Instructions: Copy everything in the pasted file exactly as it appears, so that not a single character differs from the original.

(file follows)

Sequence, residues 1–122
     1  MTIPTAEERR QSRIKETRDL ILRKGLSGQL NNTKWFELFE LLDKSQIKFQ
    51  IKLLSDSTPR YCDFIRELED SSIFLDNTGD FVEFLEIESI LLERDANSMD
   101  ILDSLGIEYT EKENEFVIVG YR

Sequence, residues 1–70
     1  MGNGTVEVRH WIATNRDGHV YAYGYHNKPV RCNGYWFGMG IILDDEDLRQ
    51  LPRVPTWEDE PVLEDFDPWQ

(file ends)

Sequence, residues 1–122
     1  MTIPTAEERR QSRIKETRDL ILRKGLSGQL NNTKWFELFE LLDKSQIKFQ
    51  IKLLSDSTPR YCDFIRELED SSIFLDNTGD FVEFLEIESI LLERDANSMD
   101  ILDSLGIEYT EKENEFVIVG YR

Sequence, residues 1–70
     1  MGNGTVEVRH WIATNRDGHV YAYGYHNKPV RCNGYWFGMG IILDDEDLRQ
    51  LPRVPTWEDE PVLEDFDPWQ